We, the people of the Great Lakes, love and depend upon our waters to sustain our lives, our communities and all life in our ecosystem.
It is therefore with growing alarm that we confront a painful reality – that despite decades of effort the Lakes are more threatened than ever. As people from across the Great Lakes, we find this unacceptable. We cannot stand by while our waters are treated as an expendable and exploitable resource when we know they are a source of life.
Moved by a hope that we can yet create a thriving and life sustaining future for our Lakes, we step forward to take up our responsibility to care for and act on behalf of these waters, our Great Lakes Commons. Seeing that the health of our waters is intertwined with our own health and that of generations yet to come, we are called to assert a deeper connection and more powerful role in the future of our waters.
We hereby set forth the Great Lakes Commons Charter, a living document that affirms and empowers the wisdom and rightful role of the people of the Lakes as stewards of our waters.
This Declaration and the First Principles emerge from the collaborative work of people and communities around the lakes. Together we reflect many walks of life, histories and cultures. At the same time, a single purpose unites us: to transition to a mode of Great Lakes governance by which the waters and all living beings can flourish.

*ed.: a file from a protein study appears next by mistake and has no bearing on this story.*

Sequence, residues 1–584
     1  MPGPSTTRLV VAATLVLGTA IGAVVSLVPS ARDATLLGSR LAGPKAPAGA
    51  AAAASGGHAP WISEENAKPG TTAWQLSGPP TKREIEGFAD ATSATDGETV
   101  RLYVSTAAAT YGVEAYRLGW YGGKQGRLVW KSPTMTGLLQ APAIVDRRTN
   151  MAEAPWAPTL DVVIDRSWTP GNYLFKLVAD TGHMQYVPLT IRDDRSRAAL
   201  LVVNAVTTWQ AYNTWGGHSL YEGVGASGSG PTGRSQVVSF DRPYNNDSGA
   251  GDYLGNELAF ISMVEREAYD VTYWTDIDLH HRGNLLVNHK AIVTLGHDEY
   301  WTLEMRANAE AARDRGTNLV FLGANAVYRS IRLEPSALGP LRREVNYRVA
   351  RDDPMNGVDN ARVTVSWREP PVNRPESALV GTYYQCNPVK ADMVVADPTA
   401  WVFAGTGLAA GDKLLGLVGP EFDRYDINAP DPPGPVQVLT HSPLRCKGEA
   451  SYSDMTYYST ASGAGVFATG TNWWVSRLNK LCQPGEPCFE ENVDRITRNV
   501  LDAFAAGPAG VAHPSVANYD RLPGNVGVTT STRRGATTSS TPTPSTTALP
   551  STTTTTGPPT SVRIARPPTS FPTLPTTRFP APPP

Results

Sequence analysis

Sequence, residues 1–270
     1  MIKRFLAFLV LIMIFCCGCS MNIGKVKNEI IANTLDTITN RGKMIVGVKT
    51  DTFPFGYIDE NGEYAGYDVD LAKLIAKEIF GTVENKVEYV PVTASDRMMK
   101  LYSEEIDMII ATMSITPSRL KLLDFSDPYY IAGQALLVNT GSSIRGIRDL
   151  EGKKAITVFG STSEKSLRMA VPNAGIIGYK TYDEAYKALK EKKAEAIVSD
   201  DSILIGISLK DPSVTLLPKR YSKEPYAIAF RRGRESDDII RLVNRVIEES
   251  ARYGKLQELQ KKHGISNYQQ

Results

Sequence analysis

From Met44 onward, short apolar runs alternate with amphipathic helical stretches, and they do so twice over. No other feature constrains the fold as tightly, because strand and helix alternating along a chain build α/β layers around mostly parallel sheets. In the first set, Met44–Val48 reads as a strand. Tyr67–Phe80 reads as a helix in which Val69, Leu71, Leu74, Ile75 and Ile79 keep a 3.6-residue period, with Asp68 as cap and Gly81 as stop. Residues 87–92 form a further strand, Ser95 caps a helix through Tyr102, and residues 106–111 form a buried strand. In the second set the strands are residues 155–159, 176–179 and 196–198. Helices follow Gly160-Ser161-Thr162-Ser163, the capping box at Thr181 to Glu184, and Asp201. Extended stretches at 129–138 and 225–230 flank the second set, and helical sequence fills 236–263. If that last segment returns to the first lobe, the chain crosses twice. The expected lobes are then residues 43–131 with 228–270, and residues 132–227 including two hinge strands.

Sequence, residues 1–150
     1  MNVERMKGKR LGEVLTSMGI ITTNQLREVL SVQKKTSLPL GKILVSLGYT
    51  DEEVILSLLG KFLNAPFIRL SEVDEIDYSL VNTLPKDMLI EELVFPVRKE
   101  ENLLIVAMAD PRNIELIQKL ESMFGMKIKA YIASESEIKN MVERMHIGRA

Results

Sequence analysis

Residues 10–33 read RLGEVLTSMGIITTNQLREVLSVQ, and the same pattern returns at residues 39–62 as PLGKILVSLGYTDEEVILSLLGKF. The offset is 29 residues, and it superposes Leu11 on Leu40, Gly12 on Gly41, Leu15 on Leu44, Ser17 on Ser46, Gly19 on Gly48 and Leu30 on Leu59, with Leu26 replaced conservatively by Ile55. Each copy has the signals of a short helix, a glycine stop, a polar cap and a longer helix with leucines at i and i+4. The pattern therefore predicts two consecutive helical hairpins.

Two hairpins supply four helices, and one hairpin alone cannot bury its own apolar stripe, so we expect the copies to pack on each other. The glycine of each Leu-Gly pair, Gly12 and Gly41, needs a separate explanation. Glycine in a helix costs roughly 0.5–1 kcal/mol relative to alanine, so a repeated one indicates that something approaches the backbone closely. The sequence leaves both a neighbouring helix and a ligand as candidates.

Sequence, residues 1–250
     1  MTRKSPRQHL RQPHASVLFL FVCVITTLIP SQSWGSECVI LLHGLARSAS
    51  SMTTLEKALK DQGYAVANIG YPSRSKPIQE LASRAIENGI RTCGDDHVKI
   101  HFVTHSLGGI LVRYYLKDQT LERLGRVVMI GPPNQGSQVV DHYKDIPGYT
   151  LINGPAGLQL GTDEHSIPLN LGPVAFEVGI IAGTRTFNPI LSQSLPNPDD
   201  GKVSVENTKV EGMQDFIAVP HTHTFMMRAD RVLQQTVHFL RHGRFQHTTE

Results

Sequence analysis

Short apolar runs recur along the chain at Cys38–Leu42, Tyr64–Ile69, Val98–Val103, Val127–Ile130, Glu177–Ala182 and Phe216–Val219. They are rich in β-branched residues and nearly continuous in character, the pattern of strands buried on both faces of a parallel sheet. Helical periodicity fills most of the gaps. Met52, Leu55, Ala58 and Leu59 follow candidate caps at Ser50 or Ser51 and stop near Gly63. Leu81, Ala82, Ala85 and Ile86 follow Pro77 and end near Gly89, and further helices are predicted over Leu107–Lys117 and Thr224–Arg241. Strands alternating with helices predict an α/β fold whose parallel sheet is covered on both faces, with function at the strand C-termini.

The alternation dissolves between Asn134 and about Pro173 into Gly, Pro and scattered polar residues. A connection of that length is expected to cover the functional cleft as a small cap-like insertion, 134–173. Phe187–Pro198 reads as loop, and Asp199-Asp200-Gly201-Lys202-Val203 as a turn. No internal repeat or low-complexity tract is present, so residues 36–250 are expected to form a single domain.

Towards this end, we affirm:
That the waters of the Great Lakes have sustained the lives of the people and communities in their basin since time immemorial and they should continue to do so in perpetuity.
That the waters, ecosystems, and communities of the Great Lakes are entwined and interdependent. Damage to any of these causes harm to the others.
That the Great Lakes are a gift and a responsibility held in common by the peoples and communities of the Lakes and must be treated as such as to ensure their preservation for coming generations.
That the boundaries of states, provinces and nations crisscross the Lakes but do not divide their natural integrity. All decision-making that impacts the Great Lakes must place the well-being of the bio-region and ecosystem as a whole at the center of consideration.
That the inherent sovereignty and rights of Indigenous peoples as codified in treaties and international agreements must be upheld as foundational to commons governance.